Safety of erythorbic acid (E315) and sodium erythorbate (E316)

Safety of erythorbic acid (E315) and sodium erythorbate (E316)

Following a request from the European Commission (EC), the Panel on Food Additives and Nutrient Sources added to Food (ANS) was asked to deliver a scientific opinion re-evaluating the safety of erythorbic acid (E 315) and sodium erythorbate (E 316) as food additives.

Erythorbic acid (E 315) and sodium erythorbate (E 316) are authorised as food additives in the European Union (EU) in accordance with Annex II to Regulation 1333/2008 on food additives and specific purity criteria have been defined in the Commission Regulation (EU) No 231/2012.

The Joint FAO/WHO Expert Committee on Food Additives (JECFA) evaluated erythorbic acid and sodium erythorbate in 1962, 1974 and 1990, and in its latest evaluation allocated an acceptable daily intake (ADI) ‘not specified’. The Scientific Committee on Food (SCF) evaluated erythorbic acid and sodium erythorbate in 1987, 1990 and 1997, and an ADI of 6 mg/kg bw/day was confirmed in the latest evaluation.

The absorption, distribution, metabolism and excretion (ADME) of erythorbates was considered to be similar to that of ascorbic acid. The sodium ion of sodium erythorbate is expected to enter the sodium pool of the body. Although rodents seemed to have less efficient erythorbate absorption than humans, the available study in mouse indicated that gastrointestinal absorption occurs (Tsao and Salimi, 1983). Guinea pig, a species more analogous to human due to its active-carrier mediated transport, has near complete excretion within 24 h.

The Panel noted that erythorbic acid can increase iron bioavailability, which may represent a concern for individuals with iron deposition disorders.

The Panel noted that the acute toxicity of erythorbic acid or sodium erythorbate is low. The Panel also noted that in the available subchronic toxicity studies there were some limitations mainly concerning reporting, however, none of them reported any adverse effects and there was no histopathological indication of any adverse effects even after 36 weeks of exposure up to 900 mg/kg body weight (bw)/day.

The Panel considered that based on the available genotoxicity studies there was no concern with respect to genotoxicity of erythorbic acid or sodium erythorbate.

The Panel noted that there is no chronic toxicity study available, but considered from the available carcinogenicity studies that erythorbic acid or sodium erythorbate did not raise a concern with respect to carcinogenicity. The only reported adverse effect was a decrease in body weight at 1300 mg/kg bw/day in one study in male rats and the Panel identified a no observed adverse effect level (NOAEL) of 650 mg/kg bw/day from this study.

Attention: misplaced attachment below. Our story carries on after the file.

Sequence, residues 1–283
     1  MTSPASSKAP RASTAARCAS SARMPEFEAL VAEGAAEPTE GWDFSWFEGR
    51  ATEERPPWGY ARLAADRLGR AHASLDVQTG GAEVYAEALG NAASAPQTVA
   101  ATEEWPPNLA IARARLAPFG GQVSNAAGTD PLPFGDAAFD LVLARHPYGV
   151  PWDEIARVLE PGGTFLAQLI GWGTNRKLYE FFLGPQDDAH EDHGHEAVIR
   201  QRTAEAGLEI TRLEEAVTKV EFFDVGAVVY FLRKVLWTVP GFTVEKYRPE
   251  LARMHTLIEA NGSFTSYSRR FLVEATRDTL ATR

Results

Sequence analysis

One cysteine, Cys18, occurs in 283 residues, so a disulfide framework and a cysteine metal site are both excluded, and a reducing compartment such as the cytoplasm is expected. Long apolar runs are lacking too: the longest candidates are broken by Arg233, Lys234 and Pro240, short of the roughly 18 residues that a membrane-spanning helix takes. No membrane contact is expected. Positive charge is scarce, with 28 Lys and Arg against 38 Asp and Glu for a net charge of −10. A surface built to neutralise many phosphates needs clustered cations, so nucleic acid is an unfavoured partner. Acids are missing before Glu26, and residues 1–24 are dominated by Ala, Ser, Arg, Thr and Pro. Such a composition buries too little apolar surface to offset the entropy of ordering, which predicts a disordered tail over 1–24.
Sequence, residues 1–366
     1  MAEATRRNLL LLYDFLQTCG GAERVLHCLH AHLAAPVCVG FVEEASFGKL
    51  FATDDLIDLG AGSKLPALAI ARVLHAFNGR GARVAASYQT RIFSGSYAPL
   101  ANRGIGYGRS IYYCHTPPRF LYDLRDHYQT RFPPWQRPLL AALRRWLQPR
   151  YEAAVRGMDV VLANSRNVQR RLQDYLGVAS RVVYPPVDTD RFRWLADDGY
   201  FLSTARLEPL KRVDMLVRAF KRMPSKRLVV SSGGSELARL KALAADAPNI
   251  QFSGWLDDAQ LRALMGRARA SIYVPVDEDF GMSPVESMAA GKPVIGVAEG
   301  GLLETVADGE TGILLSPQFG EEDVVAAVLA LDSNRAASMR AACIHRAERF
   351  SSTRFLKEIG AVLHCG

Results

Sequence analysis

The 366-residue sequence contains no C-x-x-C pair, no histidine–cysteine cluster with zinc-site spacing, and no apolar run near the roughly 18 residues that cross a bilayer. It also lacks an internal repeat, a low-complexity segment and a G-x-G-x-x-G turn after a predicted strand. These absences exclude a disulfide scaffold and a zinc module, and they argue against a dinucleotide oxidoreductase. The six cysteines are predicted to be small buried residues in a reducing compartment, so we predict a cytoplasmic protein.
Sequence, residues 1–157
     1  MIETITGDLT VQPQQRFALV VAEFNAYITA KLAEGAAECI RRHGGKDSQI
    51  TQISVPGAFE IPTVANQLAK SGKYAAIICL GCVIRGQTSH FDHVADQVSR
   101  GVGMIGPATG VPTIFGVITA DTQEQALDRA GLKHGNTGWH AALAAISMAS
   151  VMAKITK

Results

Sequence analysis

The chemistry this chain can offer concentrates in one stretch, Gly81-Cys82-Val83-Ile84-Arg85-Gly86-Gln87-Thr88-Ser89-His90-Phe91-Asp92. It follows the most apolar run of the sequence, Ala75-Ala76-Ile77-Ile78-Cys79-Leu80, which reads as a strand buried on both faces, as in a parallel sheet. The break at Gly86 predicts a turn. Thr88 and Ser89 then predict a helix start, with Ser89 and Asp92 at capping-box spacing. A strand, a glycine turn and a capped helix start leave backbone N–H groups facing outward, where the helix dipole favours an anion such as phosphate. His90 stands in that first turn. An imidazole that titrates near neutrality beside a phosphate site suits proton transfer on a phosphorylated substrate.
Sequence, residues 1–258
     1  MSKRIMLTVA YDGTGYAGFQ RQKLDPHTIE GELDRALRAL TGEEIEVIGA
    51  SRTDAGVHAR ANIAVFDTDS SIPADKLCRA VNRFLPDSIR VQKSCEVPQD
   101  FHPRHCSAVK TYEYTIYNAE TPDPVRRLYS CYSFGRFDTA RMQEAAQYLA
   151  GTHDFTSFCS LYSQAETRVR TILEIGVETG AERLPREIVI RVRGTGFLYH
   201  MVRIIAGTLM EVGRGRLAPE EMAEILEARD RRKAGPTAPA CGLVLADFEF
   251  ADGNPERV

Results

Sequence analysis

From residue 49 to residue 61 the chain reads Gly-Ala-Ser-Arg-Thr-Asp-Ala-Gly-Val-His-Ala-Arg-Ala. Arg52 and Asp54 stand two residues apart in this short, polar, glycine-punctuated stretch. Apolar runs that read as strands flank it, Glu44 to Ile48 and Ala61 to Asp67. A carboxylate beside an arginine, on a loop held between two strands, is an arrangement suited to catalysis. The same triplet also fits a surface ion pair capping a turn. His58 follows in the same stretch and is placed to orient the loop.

No reproductive toxicity studies with erythorbic acid or sodium erythorbate were available. However, no histopathological effects were observed on male reproductive organs in a 36-week study. In prenatal developmental studies, no maternal and developmental effects were observed when sodium erythorbate was administered during organogenesis.

The Panel recognised the limitation of the overall toxicological database (no reproductive and chronic toxicity studies). However, taking into account that erythorbic acid or sodium erythorbate gave negative results in a subchronic toxicity study up to 36 weeks, in genotoxicity studies, in carcinogenicity studies and in developmental toxicity studies, the Panel did not consider necessary to increase the usual uncertainty factor of 100 in deriving an ADI. Therefore, the Panel concluded that there is no reason to revise the current ADI of 6 mg/kg bw/day based on the decreased body weight reported in one carcinogenicity study.

The combined dietary exposure to erythorbic acid (E 315) and sodium erythorbate (E 316) from their use as food additives was calculated based on (1) maximum levels set out in the EU legislation (defined as the regulatory maximum level exposure assessment scenario) and (2) usage or analytical data (defined as the refined exposure assessment scenario). In both exposure scenarios, all combined exposure estimates were below the ADI of 6 mg/kg bw/day. Therefore, considering that the ADI is not exceeded by any population group, the Panel also concluded that the use of erythorbic acid (E 315) and sodium erythorbate (E 316) as food additives at the permitted or reported use and use levels would not be of safety concern.

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Ria Van Hoef

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